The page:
nolan“In October 2015, three-year-old Nolan came down with a stuffy nose which a parent typically wouldn’t stress over; that is until Ruth, his mother, noticed her son began snoring and having difficulty breathing. Doctors thought it was a severe sinus infection and prescribed Nolan some potent antibiotics, humidifier, and saline spray. The regime didn’t help.

“After an emergency appointment with an Ear, Nose and Throat (ENT) specialist, it was discovered that Nolan’s adenoids were extremely swollen and surgery was needed. In November 2015, Nolan had his adenoids and tonsils removed.

“A few days after the operation, Nolan’s biopsies came back. Nothing could prepare a parent for what was about to happen next. The doctors told the Scullys that Nolan had a rare and aggressive form of cancer called Rhabdomyosarcoma. This type of cancer is every bit of cruel in its silent relentlessness.

Rhabdomyosarcoma Childhood Cancer

“There are two types of muscle cells in the body: smooth muscle cells and skeletal muscle cells. Smooth muscles control involuntary activities and skeletal muscles control voluntary activities. Rhabdomyosarcoma (RMS) is a malignant tumor (cancer) that rises from a normal skeletal muscle cell. About four children per million healthy kids under the age of 15 will develop RMS each year. It is most often seen in young children under the age of five. Nearly 40% of all RMS cases involve the head and neck region.

In an instant, the Scully’s lives were turned upside down and life would never be the same. There’s an intense shock, confusion, anger, disbelief and overwhelming sadness that comes with such a diagnosis. Paralyzing fear doesn’t begin to describe the panic his parents felt. On top of all that, Ruth was pregnant. How can a mother enjoy her pregnancy when one life is growing while another is suddenly sick with life-threatening cancer?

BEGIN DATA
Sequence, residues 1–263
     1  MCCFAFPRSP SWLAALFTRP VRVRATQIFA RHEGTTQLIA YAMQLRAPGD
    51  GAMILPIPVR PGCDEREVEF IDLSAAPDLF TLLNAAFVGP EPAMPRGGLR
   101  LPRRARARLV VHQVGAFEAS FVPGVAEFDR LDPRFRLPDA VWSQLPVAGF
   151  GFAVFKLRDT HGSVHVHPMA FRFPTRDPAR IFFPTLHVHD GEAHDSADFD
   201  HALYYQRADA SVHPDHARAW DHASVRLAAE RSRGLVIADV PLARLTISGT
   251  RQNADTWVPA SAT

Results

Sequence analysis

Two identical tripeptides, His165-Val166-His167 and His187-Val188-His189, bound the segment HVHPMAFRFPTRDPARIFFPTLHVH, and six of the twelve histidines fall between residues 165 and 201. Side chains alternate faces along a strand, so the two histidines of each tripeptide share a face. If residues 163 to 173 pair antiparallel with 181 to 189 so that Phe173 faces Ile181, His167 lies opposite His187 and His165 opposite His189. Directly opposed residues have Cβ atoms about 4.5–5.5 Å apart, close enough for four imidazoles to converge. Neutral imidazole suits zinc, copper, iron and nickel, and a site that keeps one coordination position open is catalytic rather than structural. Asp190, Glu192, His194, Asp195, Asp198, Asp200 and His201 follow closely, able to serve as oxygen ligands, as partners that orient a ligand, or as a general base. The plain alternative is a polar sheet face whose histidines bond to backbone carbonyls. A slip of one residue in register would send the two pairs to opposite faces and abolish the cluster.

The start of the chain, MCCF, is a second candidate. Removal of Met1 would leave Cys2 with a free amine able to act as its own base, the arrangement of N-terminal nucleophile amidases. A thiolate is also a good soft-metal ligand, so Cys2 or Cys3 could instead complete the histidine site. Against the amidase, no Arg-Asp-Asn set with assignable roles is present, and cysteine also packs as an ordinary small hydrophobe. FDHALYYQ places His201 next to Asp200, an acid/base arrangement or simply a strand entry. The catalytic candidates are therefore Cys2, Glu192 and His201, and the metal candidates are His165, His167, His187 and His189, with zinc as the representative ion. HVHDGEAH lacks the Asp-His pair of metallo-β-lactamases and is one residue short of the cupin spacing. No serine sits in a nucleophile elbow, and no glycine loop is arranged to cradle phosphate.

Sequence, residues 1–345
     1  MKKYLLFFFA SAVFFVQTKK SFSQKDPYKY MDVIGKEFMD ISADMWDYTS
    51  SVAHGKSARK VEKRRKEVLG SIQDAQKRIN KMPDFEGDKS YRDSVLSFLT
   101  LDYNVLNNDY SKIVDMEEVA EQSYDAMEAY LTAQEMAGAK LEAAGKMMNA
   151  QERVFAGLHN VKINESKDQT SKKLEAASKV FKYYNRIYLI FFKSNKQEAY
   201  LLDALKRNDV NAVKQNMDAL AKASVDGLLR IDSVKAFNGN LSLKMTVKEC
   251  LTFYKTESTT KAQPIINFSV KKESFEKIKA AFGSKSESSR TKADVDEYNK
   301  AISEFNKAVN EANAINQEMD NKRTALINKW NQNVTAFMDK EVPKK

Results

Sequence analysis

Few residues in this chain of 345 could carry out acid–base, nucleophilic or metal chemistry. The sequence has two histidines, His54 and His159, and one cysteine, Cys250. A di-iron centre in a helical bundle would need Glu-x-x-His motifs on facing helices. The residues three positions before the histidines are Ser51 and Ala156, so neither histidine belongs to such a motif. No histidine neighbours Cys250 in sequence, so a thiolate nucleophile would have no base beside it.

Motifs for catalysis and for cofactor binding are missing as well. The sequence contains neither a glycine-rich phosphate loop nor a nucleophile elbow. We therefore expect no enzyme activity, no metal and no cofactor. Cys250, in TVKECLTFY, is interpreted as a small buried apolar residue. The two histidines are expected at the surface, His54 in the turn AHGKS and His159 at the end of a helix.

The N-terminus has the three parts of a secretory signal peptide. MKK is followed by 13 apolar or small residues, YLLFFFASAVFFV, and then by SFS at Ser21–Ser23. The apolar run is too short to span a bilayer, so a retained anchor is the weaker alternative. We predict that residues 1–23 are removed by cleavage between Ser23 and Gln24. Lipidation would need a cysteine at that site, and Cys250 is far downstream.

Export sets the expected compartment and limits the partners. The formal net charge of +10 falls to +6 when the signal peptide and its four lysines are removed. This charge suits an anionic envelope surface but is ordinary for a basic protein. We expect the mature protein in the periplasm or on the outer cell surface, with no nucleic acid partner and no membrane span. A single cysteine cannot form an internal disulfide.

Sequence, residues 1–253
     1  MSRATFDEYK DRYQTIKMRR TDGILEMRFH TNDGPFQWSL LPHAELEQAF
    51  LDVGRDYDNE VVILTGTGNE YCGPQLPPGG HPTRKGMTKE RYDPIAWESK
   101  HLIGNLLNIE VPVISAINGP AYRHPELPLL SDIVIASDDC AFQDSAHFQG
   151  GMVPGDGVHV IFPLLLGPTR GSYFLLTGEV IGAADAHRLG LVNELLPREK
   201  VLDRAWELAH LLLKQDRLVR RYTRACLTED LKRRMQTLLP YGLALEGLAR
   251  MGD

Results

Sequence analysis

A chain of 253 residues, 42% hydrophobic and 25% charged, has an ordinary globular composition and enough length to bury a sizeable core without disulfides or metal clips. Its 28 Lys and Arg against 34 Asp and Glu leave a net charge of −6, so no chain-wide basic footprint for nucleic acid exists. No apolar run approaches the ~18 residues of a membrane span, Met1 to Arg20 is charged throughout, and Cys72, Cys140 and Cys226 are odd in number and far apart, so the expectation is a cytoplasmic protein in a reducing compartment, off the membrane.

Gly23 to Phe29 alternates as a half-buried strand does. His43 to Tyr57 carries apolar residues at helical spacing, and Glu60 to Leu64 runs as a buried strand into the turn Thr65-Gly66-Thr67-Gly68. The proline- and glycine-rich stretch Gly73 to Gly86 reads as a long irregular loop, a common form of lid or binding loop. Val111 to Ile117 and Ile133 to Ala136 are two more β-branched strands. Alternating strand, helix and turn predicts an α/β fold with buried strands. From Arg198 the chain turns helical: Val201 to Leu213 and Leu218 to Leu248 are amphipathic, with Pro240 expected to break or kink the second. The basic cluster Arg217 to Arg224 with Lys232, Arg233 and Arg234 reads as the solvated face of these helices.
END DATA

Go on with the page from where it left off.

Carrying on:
“The Georgetown University Hospital’s Pediatric Cancer Clinic immediately took over Nolan’s case. PET Scans, CTs, and bone scans were ordered. Because the doctors had discovered an obstruction (tumor) in Nolan’s nasal airway, sedation for his tests wasn’t recommended. Instead, Nolan was admitted to the Pediatric Oncology unit where he was put under general anesthesia for the procedures. The surgeons also put in a chemo port.

“That was one of the most hardest, most terrifying things we’ve ever had to experience… seeing our beautiful baby hooked up to a ventilator machine,” Ruth explained.

The family was heartbroken and beyond devastated to learn that Nolan’s tumor was considered inoperable. However, his tumor appeared to be isolated to his nasal pharynx which is right through the nose and right above the throat.

Just like that, this brave little boy would begin the toughest journey of his life. Nolan would have to complete 43 agonizing weeks of chemotherapy, and that didn’t include the shots, infusions, transfusions, scans, tests and constant blood withdrawals. Imagine the sorrow his family felt in hearing that news..

The Georgetown Hospital Pediatric Oncology Department became Nolan’s second “home” over the next several months, with a . team of care providers who treated him with much love and kindness. The doctors analyzed every possible avenue to heal Nolan from this cancer that had invaded his little body.

Jonathan and Ruth turned to family, friends, and the community for much needed support. The emotionally draining, uphill battle would be impossible to face alone, and they needed to maintain their household and care for their daughter, Leila. Somehow Ruth found strength to begin chronicling her son’s journey on Facebook (NolanStrong).